Something bordering on mutual attraction develops, but the film leaves it oblique, their feelings merely hinted at by the poems they exchange throughout the story. Rather abruptly, the two are separated for more than a decade by war, and narrative interest shifts almost entirely to Er. Driven by the principles of honor that made her challenge Ip, she pits herself against Ma San (Zhang Jin), her father’s defiant disciple, to defend the reputation of the Gong family. Er’s initial pride is offset by a revelation of inner strength when she makes a great sacrifice in order to defeat Ma.
Years of extensive training for this film have enabled the protags to look extremely convincing as masters of their art. Zhang’s moves combine grace and confidence, raising the bar from her perf in “Crouching Tiger, Hidden Dragon,” but even in the dramatic scenes, she’s the center of attention, limning extreme emotional changes as she undergoes a series of tragic upheavals.
By contrast, Leung, the helmer’s frequent muse, lacks his usual intensity here: His Ip Man reveals few distinct characteristics in the early scenes except humility, and shows little emotional variation even as he falls on hard times. Even less satisfyingly handled is the peripheral character of Razor (Chang Chen), a violent and enigmatic drifter whose purpose in the story is so underexplained that he could easily have been excised, despite figuring into one fabulously shot and fought action scene.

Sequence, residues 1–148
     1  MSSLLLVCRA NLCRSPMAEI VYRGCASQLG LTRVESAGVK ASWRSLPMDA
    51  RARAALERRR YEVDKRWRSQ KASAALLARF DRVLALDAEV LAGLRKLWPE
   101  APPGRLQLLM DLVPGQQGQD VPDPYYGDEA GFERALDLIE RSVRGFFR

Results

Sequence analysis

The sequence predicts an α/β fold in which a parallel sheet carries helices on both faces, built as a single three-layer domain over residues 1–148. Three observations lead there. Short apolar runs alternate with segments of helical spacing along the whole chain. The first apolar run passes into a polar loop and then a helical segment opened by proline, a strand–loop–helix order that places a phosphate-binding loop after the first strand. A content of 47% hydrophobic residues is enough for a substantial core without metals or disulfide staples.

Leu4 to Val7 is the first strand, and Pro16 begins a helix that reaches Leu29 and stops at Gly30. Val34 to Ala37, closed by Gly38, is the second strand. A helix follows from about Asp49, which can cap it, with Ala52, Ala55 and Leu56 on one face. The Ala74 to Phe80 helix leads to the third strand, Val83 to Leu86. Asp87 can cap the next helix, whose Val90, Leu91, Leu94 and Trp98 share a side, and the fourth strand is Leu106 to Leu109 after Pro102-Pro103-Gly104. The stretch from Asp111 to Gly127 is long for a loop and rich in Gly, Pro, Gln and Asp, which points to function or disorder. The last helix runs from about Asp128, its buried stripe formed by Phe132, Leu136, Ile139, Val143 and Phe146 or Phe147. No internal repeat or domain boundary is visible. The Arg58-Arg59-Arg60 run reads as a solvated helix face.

Compared with the typically free-flowing structure of Wong’s films, “The Grandmaster” is more straightforward and coherent, with only one (well-placed) flashback. While the fight scenes ensure there’s hardly a lull in the first half, the second half feels hastily stitched together, rendering Ip’s relations with his wife (South Korean thesp Song Hye-kyo) patchy.
Some of the helmer’s artsy trademarks — introspective soliloquies, the sense that the protags are trapped in stasis — have been replaced by ideas more grounded in practical experience, with characters who don’t hesitate to act. In developing a world of strict decorum that is nonetheless predicated on constant competition, Wong clearly benefited from the collaboration of co-scripter Xu Haofeng, here transplanting such elaborate fighting theories from his own films “The Sword Identity” and “Judge Archer” to less cryptic effect.
Having previously grappled with his personal experience as a Shanghai-to-Hong Kong emigre, the filmmaker here applies that theme to a broad historical canvas that deals with the Chinese diaspora and its impact on national identity and the continuity of cultural heritage. Even as the last quarter is suffused with a languid melancholy and heartbreaking loneliness that recalls “In the Mood for Love” and “Ashes of Time,” unrequited love is represented in the context of two irreconcilable ways of life — to survive by biding one’s time, or to burn out by living in the moment.
Tech credits are aces, reflecting a stately, unified aesthetic with a stark palette dominated by blacks, whites and grays. Lensers Philippe Le Sourd (“7 Pounds”) and Song Xiaofei (“Design of Death”) accentuate balletic movement in the fight scenes by shooting from a dazzling variety of angles and at different speeds. They also contrast the austere beauty and expansiveness of Dongbei’s snowy outdoors with the Western-influenced opulence of the South, as re-created in production designer William Chang’s deliberately flashy interiors. Shigeru Umebayashi’s sweeping classical score sometimes swells above the action and dwarfs its impact, but the use of regionally specific songs as period markers helps counter that effect.